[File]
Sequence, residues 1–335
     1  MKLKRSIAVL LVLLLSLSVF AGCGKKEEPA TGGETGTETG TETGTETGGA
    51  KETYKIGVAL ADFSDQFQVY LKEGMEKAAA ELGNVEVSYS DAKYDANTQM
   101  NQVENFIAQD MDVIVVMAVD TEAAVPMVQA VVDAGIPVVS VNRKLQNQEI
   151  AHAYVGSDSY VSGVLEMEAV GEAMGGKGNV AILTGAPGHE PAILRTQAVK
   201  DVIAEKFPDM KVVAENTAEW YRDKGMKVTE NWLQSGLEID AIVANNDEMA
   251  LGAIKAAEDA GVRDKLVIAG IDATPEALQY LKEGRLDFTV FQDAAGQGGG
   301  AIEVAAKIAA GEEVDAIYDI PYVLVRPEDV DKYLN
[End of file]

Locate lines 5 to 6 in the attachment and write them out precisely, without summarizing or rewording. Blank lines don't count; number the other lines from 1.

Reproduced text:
   151  AHAYVGSDSY VSGVLEMEAV GEAMGGKGNV AILTGAPGHE PAILRTQAVK
   201  DVIAEKFPDM KVVAENTAEW YRDKGMKVTE NWLQSGLEID AIVANNDEMA